2.2. Research Trends in Heartbeat-Measuring Systems Applied to Drivers in Vehicles

In-vehicle heartbeat-measuring systems are classified into two types: the wearable type, in which a person wears a wristwatch-type wearable device, and the nonwearable type, in which the driver’s condition is measured at the steering wheel, seat, or other places the driver touches while driving.
The wearable and nonwearable systems can be roughly summarized as shown in Table 2.

2.2.1. Measurement by Wearable-Type Devices

Currently, there are many watch-type wearable devices, and devices such as the Apple Watch [31], Empatica E4 [32], Garmin Watch [33], Fitbit surge [34], and Jawbone UP3 [35] are sold on the market. The approaches used for measuring heartbeat in these devices are almost the same. The blood-flow to the wrist increases with the heartbeat, and the green light used in the device is well absorbed. In contrast, the green light is less likely to be absorbed at the time between heartbeats. By making use of this principle, the heartbeat is measured by flashing an LED light behind the watch several hundred times per second [36]. In addition, such devices can be linked to smartphones to share data. As for accuracy, Falter et al. show that, in patients with cardiovascular disease, the Apple Watch measures HR with clinically acceptable accuracy during exercise [37]. Schuurmans et al. also show that the Empatica E4 is a practical and valid tool for research on HR and HRV under non-movement conditions [38]. Gillinov et al. shows that the correlation between the HR of an electrocardiograph and that of a wrist-type monitoring system during aerobic exercise is between 0.67 and 0.996 [39].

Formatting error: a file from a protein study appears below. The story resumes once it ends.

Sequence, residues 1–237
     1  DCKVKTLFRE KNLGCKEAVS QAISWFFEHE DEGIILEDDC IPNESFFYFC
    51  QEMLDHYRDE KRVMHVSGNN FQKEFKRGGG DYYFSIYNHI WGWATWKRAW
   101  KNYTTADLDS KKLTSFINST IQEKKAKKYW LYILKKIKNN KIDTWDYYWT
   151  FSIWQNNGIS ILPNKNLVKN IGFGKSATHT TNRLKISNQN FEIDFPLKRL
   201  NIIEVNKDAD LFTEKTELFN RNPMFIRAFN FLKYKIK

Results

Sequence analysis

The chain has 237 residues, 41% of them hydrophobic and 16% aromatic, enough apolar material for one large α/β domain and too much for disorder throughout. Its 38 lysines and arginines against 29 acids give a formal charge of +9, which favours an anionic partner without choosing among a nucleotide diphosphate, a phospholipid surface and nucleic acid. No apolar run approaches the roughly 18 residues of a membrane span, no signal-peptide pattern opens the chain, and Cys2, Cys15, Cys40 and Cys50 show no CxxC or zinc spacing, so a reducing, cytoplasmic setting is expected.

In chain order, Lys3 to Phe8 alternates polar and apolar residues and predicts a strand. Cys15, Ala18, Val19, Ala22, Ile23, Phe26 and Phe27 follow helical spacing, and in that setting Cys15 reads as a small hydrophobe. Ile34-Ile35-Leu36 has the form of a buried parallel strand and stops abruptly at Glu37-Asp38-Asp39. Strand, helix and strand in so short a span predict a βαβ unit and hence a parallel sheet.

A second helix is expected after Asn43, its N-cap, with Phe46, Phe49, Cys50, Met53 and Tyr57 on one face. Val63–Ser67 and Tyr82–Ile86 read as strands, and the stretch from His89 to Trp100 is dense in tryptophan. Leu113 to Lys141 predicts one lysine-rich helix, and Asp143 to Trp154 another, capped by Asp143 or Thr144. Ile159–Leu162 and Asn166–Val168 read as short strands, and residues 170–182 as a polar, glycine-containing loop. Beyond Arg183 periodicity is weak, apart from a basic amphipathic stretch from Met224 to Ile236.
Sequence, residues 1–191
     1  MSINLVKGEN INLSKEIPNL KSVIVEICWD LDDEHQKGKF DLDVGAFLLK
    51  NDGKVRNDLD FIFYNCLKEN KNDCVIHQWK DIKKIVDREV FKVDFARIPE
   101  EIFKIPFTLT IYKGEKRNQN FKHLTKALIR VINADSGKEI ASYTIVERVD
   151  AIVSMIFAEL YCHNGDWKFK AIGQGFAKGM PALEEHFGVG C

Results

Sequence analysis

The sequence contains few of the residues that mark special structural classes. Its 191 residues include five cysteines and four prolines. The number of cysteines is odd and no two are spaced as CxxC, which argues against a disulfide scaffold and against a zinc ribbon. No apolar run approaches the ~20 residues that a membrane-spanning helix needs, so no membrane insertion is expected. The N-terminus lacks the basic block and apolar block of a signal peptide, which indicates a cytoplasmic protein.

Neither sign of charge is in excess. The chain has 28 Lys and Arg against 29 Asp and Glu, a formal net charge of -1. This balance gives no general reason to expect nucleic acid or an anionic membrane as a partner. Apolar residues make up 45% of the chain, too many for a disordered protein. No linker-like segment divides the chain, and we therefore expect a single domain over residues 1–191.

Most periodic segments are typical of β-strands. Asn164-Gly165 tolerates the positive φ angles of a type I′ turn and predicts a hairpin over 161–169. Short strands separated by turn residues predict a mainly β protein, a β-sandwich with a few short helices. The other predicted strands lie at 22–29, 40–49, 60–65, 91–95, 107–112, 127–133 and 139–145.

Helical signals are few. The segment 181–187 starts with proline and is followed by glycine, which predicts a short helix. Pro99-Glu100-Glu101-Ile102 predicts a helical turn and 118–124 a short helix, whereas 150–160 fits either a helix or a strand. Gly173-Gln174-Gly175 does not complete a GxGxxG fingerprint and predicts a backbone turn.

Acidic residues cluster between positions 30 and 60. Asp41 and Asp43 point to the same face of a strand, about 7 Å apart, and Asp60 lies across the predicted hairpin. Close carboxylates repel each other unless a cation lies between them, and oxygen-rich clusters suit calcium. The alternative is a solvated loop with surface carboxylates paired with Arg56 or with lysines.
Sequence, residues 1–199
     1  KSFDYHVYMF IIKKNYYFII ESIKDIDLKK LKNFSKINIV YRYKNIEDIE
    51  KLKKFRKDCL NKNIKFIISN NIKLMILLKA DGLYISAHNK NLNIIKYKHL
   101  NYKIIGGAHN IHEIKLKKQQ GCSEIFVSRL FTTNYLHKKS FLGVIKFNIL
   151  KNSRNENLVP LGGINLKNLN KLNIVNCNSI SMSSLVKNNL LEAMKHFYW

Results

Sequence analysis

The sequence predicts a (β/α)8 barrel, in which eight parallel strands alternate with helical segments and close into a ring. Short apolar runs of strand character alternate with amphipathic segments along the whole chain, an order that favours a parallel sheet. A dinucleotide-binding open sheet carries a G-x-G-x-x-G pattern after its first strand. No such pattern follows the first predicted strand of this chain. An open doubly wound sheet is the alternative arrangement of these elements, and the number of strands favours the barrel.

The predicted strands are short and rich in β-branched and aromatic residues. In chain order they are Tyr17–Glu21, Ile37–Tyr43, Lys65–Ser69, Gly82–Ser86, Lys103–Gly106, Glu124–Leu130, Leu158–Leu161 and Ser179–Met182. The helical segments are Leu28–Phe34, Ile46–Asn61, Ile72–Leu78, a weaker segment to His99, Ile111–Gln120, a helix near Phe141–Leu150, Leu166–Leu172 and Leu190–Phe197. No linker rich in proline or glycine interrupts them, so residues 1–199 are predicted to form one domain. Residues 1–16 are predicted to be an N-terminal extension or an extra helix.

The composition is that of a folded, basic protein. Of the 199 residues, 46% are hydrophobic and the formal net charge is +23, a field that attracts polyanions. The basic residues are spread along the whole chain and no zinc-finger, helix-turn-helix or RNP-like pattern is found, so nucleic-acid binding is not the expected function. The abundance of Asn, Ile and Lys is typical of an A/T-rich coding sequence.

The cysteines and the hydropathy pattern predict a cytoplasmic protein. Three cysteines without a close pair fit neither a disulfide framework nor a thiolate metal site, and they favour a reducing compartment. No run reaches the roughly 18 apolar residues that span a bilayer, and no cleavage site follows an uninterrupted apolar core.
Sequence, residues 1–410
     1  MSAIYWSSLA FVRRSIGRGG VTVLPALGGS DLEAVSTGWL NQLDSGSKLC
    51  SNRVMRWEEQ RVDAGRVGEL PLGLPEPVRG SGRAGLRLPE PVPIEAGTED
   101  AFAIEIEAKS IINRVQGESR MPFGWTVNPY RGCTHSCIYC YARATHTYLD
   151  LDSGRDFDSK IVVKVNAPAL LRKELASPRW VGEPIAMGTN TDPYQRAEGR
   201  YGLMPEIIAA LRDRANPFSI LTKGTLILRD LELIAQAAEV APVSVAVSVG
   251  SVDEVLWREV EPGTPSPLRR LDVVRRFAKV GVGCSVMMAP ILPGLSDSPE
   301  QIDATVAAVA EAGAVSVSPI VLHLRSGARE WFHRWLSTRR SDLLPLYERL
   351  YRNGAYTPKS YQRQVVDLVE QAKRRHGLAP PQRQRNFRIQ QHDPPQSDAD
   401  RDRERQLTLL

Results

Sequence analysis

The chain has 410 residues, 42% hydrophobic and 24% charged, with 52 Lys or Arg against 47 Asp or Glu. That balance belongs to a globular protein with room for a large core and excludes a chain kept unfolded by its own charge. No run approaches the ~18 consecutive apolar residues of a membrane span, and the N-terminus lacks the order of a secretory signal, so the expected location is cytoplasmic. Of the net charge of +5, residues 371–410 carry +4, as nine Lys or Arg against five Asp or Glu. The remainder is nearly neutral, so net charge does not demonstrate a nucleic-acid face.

As these wristwatch-type wearable devices are released to the market and worn by an increasing number of people, the trend of in-car measurement devices appears to be changing. The wristwatch-type devices can measure the heartbeat naturally, without restricting the driver’s motion. If the only purpose of a monitoring device is to measure the heartbeat, it will obviate the need to install a nonwearable driver-monitoring system in a vehicle (which entails an extra cost). The Ford motor company stopped developing its seat-type heartbeat-monitoring sensor in 2015. The company stated that the reason for this decision was the advent of wearable devices, such as the Apple Watch, Empatica E4, Garmin Watch, Fitbit surge, and Jawbone UP3 [40]. Therefore, the emergence of wearable devices has transformed the use of automotive heartbeat sensors.
As far as we could ascertain, the major type of in-vehicle driver-monitoring system at present is the camera type, and there are not many examples of steering-wheel or seat-type systems being developed. One possible reason for this is that Ford has stopped developing heart-rate monitoring sensors built into seats. An additional factor might be that the advent of wearable devices opens up the possibility of segregating biometric information into information that can be obtained by wearable devices and information that cannot be obtained by wearable devices but can be obtained by cameras.
The main function of wristwatch-type devices such as the Apple Watch is that of a watch, and heart-rate sensing is a secondary function. However, there is a device on the market which has the purpose of managing a driver’s health [41]. This device can also be linked to smartphones to share data. They seem to be selling their services rather than their devices. In addition to this device, there are many other devices in which the heart rate sensor is the only function and can link to smartphones to share data, in consideration of the recent health trends [42,43,44]. These devices are relatively inexpensive, approximately lower than US$150. Since single board computers such as Arduino [45] and raspberry pi [46] are widely available and inexpensive, people who are good at or knowledgeable about digital fabrication and electronics can build these devices themselves.